The global financial crisis of 2008-09 reminded asset owners and investment managers that they should worry not only about risk and return, but also about liquidity.
The best laid plans for protecting investment gains, and even the corpus of a portfolio, could fail if attention is not paid to the likely shortage of liquidity.
In the event of a financial crisis, liquidity disappears as quickly as the morning dew when the sun appears. That is what happened in September 2008 when the federal government declined to bail out Lehman Brothers Holdings Inc. Sources of liquidity dried up around the world. Investors could not sell the stocks or bonds they wished to sell in a timely fashion and at acceptable prices.
Unfortunately, because liquidity tends to flee when danger appears, it must be locked up before a crisis is obvious, and that affects returns.
The decision asset owners and managers must make constantly is how much liquidity protection to buy, and they also must make certain their source of liquidity will remain available in a deep crisis such as that of 2008. Liquidity cannot be arranged on the fly when a crisis is coming to a head and all can see it coming.
The greater focus on liquidity is a critical part of risk management, which many managers and assets owners have taken steps to enhance as one of the lessons learned from the global financial crisis.
The question is, will these lessons be remembered as the pain of the crisis continues to fade?
Asset owners and managers claimed to have learned the lessons of enhanced risk management after the dot-com bubble burst in 2000. Some pension funds and investment management institutions appointed chief risk officers to improve risk controls, but there is little evidence that enhanced risk management practices helped in 2008.
Investors also must be more aware. Few recognize when conditions that could lead to a crisis are brewing, and those who do often misjudge the timing and fail to act to protect themselves and their clients from the full impact of the storm.
Few investors recognized the housing bubble and the declining quality of the mortgages backing securities that were flooding the market. Many took at face value the claims that the mortgage-backed securities were backed by diversified portfolios of mortgages. The depth of research on which managers made investment decisions was not sufficient.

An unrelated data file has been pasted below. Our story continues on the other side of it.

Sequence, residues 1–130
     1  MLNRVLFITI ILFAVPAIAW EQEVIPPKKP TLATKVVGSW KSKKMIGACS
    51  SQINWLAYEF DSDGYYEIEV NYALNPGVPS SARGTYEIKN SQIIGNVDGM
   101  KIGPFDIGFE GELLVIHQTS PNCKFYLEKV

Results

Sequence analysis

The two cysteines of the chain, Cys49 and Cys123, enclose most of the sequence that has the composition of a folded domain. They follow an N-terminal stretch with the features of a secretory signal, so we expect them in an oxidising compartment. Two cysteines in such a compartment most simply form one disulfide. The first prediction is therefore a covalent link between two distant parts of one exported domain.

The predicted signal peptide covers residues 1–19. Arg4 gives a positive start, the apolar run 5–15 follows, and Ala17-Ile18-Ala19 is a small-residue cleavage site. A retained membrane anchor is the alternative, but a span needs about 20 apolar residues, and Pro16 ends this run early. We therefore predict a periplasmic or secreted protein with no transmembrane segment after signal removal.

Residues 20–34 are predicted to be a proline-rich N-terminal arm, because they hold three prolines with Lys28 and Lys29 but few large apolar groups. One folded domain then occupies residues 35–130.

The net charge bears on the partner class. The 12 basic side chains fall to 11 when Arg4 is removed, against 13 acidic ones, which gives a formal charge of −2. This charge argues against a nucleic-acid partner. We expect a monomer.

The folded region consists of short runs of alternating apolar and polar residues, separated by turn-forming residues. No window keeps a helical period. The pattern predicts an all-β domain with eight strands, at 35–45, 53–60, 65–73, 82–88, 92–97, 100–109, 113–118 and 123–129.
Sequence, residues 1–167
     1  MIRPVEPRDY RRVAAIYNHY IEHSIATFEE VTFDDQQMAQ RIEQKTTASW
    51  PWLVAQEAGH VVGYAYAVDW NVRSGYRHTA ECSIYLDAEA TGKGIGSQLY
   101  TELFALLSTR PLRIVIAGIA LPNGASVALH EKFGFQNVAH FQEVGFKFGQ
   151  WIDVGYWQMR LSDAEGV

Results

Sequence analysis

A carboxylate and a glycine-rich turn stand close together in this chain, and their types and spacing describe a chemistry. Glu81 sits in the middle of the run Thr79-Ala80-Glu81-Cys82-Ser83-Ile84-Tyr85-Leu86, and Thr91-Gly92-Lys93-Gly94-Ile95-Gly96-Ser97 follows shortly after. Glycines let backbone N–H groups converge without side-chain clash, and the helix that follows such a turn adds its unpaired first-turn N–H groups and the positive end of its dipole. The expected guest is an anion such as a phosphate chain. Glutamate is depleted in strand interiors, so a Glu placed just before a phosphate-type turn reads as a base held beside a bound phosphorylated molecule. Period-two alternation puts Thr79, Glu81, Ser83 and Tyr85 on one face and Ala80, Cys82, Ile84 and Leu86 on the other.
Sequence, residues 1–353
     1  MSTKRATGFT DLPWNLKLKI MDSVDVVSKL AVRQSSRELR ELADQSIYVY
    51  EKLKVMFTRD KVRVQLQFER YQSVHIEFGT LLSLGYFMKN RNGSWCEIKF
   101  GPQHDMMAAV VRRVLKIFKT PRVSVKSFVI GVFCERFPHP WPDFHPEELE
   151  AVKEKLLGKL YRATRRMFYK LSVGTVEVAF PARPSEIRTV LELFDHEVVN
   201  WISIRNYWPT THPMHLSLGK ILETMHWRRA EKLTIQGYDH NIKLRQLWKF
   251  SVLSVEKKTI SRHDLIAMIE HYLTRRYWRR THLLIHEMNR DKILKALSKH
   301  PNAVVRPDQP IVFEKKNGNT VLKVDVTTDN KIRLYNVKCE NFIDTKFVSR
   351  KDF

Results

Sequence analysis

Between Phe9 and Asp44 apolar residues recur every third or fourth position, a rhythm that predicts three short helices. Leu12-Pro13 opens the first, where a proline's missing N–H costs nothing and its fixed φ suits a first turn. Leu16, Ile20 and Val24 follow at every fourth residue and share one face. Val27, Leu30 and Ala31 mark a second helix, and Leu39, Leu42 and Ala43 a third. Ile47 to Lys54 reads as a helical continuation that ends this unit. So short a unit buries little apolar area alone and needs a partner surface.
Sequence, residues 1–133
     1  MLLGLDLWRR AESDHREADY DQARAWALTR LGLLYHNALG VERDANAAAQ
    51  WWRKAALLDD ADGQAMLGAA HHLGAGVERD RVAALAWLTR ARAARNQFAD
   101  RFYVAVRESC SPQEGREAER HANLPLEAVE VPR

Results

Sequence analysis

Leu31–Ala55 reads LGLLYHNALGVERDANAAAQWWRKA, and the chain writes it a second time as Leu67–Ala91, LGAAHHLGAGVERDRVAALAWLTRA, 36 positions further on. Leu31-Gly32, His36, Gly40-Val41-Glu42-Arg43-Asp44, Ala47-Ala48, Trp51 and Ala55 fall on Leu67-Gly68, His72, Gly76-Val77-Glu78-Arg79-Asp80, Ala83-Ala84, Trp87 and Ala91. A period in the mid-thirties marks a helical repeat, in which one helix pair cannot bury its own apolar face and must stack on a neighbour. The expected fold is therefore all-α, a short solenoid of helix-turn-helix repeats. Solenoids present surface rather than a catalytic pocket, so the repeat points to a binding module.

This suggests that analysts, managers and asset owners must improve the quality of their analysis of developments in market sectors, and the impact of economic and political developments on those sectors. In particular, they must pay more attention to the impact of worst-case outcomes on the markets and portfolios.
Unfortunately, often asset owners and money managers are not dealing with "risk" — which is defined as a situation in which you can assign a probability to a possible outcome — but "uncertainty," defined as a situation in which not enough is known to assign a probability. Uncertainty is much more difficult to deal with.
This might be the situation developing now, with the Federal Reserve beginning to increase interest rates as President Donald Trump is pushing up tariffs against China, the European Union and other countries at a time when the stock market looks expensive.
The ultimate outcome of these conflicting tides is unpredictable. Asset owners and their investment managers should be focusing on their risk management programs and their liquidity barricades to prepare for a potential bad outcome. These programs might not be perfect, but they would reduce the pain of any correction.